Originally posted on Beasley Green:
Research commissioned by Channel 4 and conducted by the Cumberbatch Research Group showed that during a sample of 368 hours of peak-time viewing in 2009, Ethnic Minority representation (those appearing on BBC1, BBC2, ITV, Channel 4, Channel 5 and Sky One) accounted for just 10.2% of the overall output during this 368 hour period. This data also includes the possibility that some of the individuals counted as an ethnic minority were also counted on several occasions (Trevor McDonald on the news for example). Quite a sobering statistic until you consider that ethnic minority (dark skinned – this detail needs to be pointed out) groups only make up about 13% of the UK population – which may seem an unrealistic statistic if you live in the multicultural centres of one of the major cities in the UK – or Bradford. However, step outside of those areas and sightings of ethnic minorities are as rare as UFO’s. However, it’s the percentage of executives, producers, directors and the people who are at the creative and financial decision making level in the media that is most important. These figures would not even make a whole number.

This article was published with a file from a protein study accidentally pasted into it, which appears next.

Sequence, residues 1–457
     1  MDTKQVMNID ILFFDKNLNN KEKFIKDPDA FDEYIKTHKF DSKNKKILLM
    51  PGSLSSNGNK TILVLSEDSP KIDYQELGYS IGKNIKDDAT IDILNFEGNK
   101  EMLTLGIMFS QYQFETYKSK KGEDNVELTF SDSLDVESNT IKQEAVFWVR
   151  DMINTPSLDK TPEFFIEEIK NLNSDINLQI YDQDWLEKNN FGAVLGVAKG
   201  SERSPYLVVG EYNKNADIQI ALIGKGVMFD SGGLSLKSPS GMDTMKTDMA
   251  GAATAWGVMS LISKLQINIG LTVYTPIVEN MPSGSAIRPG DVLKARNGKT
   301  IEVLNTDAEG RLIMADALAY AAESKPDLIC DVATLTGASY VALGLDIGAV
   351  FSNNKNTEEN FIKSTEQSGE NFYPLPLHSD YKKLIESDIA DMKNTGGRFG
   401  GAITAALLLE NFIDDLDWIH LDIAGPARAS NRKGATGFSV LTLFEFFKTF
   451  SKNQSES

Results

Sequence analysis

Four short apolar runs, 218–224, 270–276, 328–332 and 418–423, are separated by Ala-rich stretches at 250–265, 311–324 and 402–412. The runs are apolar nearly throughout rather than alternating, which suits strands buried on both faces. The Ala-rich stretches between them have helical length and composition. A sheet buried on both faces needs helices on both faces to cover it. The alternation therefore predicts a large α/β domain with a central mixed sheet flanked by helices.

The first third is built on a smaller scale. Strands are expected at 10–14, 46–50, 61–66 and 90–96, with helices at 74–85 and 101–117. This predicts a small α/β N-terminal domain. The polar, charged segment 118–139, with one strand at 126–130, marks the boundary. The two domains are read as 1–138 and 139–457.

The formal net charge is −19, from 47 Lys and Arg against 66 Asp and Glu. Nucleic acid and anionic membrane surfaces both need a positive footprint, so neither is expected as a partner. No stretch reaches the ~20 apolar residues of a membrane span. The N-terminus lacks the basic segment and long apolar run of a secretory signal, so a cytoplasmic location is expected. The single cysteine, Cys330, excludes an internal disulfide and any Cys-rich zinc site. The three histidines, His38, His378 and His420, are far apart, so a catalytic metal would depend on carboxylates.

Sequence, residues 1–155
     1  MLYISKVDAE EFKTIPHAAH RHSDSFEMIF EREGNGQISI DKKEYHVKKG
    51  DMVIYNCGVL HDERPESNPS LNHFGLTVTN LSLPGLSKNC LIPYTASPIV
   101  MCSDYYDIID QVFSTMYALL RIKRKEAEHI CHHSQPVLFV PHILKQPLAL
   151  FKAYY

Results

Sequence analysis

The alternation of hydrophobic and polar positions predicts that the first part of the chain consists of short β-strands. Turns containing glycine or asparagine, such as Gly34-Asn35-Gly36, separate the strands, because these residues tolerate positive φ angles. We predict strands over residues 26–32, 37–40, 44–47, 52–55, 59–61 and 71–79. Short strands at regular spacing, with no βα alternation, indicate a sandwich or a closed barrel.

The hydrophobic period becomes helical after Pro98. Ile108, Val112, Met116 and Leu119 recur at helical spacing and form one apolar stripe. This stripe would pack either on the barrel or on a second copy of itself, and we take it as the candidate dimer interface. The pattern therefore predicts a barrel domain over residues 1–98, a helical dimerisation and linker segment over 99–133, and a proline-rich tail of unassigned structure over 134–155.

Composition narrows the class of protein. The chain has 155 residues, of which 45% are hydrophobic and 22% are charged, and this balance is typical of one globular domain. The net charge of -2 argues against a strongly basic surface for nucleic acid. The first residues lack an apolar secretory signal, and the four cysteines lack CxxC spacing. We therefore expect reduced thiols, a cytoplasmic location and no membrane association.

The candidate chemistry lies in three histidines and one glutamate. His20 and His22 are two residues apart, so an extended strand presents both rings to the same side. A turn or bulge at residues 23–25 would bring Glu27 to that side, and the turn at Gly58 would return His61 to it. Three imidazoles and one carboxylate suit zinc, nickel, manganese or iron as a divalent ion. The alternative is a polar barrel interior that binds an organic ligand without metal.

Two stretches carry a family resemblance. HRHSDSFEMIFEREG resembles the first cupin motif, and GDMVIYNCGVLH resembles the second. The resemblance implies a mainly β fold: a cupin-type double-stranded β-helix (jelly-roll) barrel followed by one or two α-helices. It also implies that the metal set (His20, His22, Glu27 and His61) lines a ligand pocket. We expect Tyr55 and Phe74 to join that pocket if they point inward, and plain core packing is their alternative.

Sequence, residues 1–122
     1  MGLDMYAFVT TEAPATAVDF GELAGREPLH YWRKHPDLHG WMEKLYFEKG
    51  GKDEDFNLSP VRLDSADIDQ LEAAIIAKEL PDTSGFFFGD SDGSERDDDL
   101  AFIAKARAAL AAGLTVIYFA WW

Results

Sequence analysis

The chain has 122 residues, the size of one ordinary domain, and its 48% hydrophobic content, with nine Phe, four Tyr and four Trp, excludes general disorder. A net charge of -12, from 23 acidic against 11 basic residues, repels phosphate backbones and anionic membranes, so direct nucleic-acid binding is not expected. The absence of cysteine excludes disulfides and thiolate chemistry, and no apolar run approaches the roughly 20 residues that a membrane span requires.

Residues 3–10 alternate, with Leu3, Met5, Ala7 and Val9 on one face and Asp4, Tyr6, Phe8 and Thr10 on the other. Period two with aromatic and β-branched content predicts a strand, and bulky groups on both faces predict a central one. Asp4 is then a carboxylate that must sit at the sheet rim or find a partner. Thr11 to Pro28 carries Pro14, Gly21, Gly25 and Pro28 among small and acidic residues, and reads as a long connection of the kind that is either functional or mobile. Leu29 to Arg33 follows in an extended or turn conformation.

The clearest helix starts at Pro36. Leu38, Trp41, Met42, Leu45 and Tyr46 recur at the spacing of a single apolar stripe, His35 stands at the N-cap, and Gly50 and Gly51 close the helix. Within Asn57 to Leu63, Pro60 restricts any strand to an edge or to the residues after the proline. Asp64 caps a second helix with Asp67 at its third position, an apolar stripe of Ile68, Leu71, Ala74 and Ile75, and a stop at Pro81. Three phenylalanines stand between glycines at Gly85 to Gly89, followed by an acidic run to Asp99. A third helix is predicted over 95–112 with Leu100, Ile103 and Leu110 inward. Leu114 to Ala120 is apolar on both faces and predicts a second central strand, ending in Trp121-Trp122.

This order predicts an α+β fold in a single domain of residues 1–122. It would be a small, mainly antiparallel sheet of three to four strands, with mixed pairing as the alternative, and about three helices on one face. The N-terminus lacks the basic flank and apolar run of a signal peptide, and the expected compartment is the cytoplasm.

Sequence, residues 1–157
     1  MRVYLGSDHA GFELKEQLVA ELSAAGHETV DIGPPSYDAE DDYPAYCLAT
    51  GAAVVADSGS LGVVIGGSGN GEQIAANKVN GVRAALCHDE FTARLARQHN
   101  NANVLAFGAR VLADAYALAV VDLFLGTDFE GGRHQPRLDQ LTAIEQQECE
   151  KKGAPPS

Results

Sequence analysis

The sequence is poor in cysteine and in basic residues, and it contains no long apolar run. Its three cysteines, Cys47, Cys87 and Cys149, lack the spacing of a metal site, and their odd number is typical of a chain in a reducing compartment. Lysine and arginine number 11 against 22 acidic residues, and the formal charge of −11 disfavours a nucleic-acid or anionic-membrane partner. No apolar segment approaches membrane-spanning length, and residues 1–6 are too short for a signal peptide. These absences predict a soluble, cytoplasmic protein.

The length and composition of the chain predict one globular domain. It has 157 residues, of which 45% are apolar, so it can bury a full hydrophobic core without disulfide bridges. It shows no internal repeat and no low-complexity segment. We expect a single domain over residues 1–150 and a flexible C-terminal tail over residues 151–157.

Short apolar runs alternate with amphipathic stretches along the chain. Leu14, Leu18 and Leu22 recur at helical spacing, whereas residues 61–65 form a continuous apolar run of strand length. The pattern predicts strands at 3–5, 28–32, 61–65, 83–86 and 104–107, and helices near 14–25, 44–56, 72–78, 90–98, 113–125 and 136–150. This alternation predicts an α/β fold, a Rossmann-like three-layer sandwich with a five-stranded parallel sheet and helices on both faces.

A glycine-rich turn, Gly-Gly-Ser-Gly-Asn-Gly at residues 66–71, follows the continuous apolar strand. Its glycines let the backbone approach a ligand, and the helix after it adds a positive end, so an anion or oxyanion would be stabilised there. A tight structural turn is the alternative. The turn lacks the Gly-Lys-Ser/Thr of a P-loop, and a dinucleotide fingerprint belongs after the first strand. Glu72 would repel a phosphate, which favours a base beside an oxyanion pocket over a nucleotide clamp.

At a seminar on the subject of increasing the number of ethnic minorities working in the media industry, a chief production executive at Red Productions (one of the UK’s most successful production companies in the 90’s) candidly explained that people instinctively “hire in their own image”. It might be a little unfair, but it made sense to me. However, it doesn’t matter what initiative is put in place to redress the disparity of ethnic minority representation in the arts and media, because what you look like has less to do with how you represent as what you think like. Racial representation is much more than colour, it’s about a shared experience by a minorities’ majority.
One thing statistics of Channel 4’s superficial type won’t reveal is that the few coloured faces representing within the media will not have been raised or educated in Hackney, Brixton, Moss Side, Toxteth or any lower class ethnic part of the country. They will have gone to the same schools, colleges and universities as their white middle class counterparts and identify more with them than they do with their wider ethnic groups. The UK isn’t as backward as the US on race. British society by and large accepts a little bit of colour. We fell in love with Trevor Mcdonald and Lenny Henry in the 80′s, embraced the superb collaboration of culture as reflected in music like ska, jungle, drum n bass and garage, and generally accepted that mixing is ok because it creates beautiful babies and stronger DNA. But that acceptance hasn’t quite permeated the corridors of power or the executive offices of the media where they still have a knee tremble at the idea of social and racial agitation. Now and historically Britain has always been much more apprehensive about cultural interference within its class system and that is where the real prejudice lies in British media.